How rebels punch their own ticket.
Milton William Cooper finally got what he expected on November 6, 2001.
It was shortly past midnight on that day when a group of Apache County sheriff's deputies entered his property in Edgar, Arizona, to serve a warrant for aggravated assault. Cooper, by police accounts–which Cooper's own official Web site agrees are true–drove off to avoid them. He turned back when he encountered their vehicles, and "attempted to run over a sergeant before heading back to his residence," as a sheriff's department press release put it. Ignoring orders to halt, Cooper ran toward his house and fired a handgun at the police, seriously wounding a deputy.
The police then shot and killed him, helping to write the final scene of a paranoid drama authored by Cooper himself. Cooper was a well-known–notorious, even–figure in American fringe culture. He first rose to such demi-prominence in UFO circles in 1988, claiming to have oodles of secret information gleaned from his days with U.S. Naval Intelligence. (His detractors point out that this experience seemed to be nothing more than working as an aide in an audio-visual department.)
I met Cooper once, at a 1992 convention in Atlanta dedicated to conspiratorial thinking. Even among a gaggle of flamboyant obsessives convinced that secret societies such as the Illuminati and Skull & Bones ran the world (or at least fascinated by such notions), Cooper stood out. Here was a man who swore that the Zapruder film clearly showed one of Kennedy's guards turning around and shooting the doomed president with a deadly shellfish toxin, the true cause of JFK's death. He also made an admirably precise, if almost certainly falsified, prediction that by 1998 we'd all be languishing in concentration camps run by the masters of the New World Order (who were in fact outer-space aliens).
Cooper was a kook's kook, in the worst sense. His tirades and accusations against other UFO researchers made him anathema even among that band of outsiders. Anyone who didn't believe everything Cooper said was branded as a CIA agent and/or dupe of the vast alien conspiracy. He was known for plagiarizing the "research" of other UFOlogists and claiming that he first saw all this stuff in Naval Intelligence documents in the early '70s–including things the UFOlogists made up as jokes. Although his reputation was built on his 1991 book, Behold A Pale Horse (which strangely became a favorite of Louis Farrakhan), he later backed off on its central claim of alien influence on global politics.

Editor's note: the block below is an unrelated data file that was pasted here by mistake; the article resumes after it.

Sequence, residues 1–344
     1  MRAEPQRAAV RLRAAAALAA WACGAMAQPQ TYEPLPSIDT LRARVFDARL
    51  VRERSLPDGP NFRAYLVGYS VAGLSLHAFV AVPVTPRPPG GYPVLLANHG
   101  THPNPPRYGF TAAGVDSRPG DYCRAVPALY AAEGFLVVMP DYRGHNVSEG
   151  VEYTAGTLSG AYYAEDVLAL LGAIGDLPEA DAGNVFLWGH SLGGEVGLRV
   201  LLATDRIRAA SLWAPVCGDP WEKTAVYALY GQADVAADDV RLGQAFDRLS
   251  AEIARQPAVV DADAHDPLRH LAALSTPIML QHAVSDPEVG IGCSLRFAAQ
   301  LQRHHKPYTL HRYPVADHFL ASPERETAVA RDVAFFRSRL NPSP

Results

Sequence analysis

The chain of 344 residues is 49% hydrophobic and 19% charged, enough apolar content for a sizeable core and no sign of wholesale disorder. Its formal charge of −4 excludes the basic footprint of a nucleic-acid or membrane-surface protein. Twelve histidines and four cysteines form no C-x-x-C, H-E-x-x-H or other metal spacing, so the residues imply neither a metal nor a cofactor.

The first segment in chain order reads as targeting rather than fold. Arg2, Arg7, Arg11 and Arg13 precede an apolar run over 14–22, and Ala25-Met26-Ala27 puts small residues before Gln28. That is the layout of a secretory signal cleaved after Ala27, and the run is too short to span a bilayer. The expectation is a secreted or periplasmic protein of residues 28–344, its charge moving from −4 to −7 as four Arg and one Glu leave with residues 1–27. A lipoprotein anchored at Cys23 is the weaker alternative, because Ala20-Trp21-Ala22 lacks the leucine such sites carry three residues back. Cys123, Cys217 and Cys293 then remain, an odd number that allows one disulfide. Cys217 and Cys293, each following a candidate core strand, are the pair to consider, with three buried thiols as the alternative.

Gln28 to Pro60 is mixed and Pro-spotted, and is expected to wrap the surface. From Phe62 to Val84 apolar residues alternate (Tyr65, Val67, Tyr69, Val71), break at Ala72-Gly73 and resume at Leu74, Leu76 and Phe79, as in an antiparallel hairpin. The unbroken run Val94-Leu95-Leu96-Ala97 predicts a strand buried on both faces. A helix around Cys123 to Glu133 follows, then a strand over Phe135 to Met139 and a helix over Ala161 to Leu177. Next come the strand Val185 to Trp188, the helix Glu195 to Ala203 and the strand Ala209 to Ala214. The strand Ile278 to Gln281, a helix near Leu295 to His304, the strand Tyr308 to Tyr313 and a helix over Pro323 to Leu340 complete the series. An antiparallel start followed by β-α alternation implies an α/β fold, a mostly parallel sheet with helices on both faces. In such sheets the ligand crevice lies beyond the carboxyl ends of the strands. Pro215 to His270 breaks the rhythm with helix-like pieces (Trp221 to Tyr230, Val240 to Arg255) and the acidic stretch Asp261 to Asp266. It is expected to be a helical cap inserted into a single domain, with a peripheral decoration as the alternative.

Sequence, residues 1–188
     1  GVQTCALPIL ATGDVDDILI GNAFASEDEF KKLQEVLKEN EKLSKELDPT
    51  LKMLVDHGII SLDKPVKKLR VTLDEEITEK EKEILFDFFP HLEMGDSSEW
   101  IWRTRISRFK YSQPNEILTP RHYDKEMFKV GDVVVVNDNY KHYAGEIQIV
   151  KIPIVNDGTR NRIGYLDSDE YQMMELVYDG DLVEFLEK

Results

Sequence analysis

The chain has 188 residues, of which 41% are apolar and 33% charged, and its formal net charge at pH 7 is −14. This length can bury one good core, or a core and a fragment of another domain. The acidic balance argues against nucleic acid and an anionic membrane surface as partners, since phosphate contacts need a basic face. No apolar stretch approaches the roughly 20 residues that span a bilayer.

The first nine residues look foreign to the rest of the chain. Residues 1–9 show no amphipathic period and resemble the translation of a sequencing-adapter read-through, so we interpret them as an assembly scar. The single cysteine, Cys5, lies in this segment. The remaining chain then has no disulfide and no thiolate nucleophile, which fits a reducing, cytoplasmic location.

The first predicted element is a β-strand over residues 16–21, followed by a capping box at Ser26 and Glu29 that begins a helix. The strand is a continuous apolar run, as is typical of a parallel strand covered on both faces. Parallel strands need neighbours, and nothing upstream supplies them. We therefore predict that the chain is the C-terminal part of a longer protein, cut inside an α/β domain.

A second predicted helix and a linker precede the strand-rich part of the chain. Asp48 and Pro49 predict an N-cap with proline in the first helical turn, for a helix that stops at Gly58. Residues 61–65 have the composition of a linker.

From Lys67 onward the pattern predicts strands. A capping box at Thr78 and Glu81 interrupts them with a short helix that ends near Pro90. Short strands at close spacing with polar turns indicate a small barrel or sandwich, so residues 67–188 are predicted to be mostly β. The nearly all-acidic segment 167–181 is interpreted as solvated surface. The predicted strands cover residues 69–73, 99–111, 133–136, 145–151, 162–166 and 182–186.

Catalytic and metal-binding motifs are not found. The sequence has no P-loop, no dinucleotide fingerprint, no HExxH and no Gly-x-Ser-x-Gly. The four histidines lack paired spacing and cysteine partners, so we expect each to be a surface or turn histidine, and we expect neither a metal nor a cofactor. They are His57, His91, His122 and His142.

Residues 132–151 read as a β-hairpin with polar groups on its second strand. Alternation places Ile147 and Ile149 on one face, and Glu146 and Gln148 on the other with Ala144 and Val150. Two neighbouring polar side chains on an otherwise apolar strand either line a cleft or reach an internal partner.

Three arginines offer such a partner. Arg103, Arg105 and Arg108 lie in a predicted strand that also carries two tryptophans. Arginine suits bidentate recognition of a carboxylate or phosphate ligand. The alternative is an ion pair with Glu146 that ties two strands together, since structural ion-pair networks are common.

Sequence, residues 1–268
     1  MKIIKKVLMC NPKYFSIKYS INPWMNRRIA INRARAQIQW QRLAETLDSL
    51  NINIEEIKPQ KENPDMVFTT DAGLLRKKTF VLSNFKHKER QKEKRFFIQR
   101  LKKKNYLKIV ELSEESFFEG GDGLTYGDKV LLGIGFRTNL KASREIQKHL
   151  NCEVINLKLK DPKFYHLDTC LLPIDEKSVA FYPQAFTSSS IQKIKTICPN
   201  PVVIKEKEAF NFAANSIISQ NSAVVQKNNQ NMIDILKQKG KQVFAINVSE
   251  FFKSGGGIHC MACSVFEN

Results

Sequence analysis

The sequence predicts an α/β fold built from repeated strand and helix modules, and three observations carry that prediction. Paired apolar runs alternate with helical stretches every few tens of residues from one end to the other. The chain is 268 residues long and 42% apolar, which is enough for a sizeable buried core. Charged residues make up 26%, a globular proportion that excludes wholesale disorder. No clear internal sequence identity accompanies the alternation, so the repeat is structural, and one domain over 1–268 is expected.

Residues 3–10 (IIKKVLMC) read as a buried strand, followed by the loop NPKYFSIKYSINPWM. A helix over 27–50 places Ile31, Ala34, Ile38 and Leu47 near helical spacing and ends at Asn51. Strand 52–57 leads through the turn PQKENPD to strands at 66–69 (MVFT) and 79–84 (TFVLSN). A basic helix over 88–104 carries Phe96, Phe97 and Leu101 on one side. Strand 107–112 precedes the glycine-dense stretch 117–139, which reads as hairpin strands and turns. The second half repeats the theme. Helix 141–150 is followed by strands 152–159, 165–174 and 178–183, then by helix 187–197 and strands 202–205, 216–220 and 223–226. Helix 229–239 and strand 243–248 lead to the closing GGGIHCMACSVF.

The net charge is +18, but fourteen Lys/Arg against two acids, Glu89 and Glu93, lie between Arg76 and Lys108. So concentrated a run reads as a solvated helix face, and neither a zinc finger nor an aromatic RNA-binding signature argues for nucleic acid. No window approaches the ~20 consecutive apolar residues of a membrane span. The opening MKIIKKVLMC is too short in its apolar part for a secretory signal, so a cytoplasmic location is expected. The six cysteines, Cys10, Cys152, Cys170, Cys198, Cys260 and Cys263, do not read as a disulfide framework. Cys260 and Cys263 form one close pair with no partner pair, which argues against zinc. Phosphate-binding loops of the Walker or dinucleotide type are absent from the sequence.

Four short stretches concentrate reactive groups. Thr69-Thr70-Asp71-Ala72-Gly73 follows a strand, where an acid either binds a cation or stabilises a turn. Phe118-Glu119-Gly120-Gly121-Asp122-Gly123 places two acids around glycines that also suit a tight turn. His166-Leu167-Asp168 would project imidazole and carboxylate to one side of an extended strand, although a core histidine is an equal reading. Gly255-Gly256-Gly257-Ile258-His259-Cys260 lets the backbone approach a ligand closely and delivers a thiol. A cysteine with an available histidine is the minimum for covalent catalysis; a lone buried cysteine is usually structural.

Over time, he began talking less like a UFOlogist and more like a militia type, convinced that the Internal Revenue Service and the Bureau of Alcohol, Tobacco, and Firearms weren't really legitimate U.S. government agencies. He hitched his paranoia to a more traditional, though no less consuming, belief in human-centered conspiracies bent on creating a One World Government of secularist tyranny. With characteristically baroque complexity, Cooper's conspiracy–which he called "Majestytwelve"–covered everything from the Star Wars films to the first World Trade Center bombings.
Cooper's fate is sad, despite–or perhaps because of–his own role in it. He believed he was up against demons and that they were out to get him. Then he made it so. According to the Arizona Republic, when Cooper faced charges related to income taxes in 1998, he told a friend that he was "not going to submit to arrest." The friend added, "He's not going to retreat…I think he is expecting to be murdered by the FBI." In the end, a different law enforcement agency pulled the trigger, but close enough.
Some people set themselves in such uncompromising opposition to the world and its authorities that martyrdom is the only possible–indeed, the only acceptable–outcome to them. Through powerful acts of imagination, they transform their enemies into co-conspirators, the necessary heavies in a gruesome show directed by the martyr.
It's not right to say that such people get what they deserve. But it might not be wrong to say that figures as diverse as Cooper, recently killed marijuana advocates Tom Crosslin and Rollie Rohm, and orgone theorist and Food and Drug Administration scofflaw Wilhelm Reich, who died in federal custody in 1957, got exactly what they wanted on some level.
All avidly embraced a worldview in which they were brave and lone fighters against conspiracies and tyrannies too large and byzantine to fully comprehend, much less defeat. (Reich, for instance, believed the whole world suffered from an "emotional plague" he alone could diagnose, and that part of the sickness involved unyielding hostility toward the diagnostician.) The only logical ending for the rebel in such a script is death at the hands of the authorities, or in prison. Those mourning Cooper can console themselves with this: At least, he went out the way he wanted.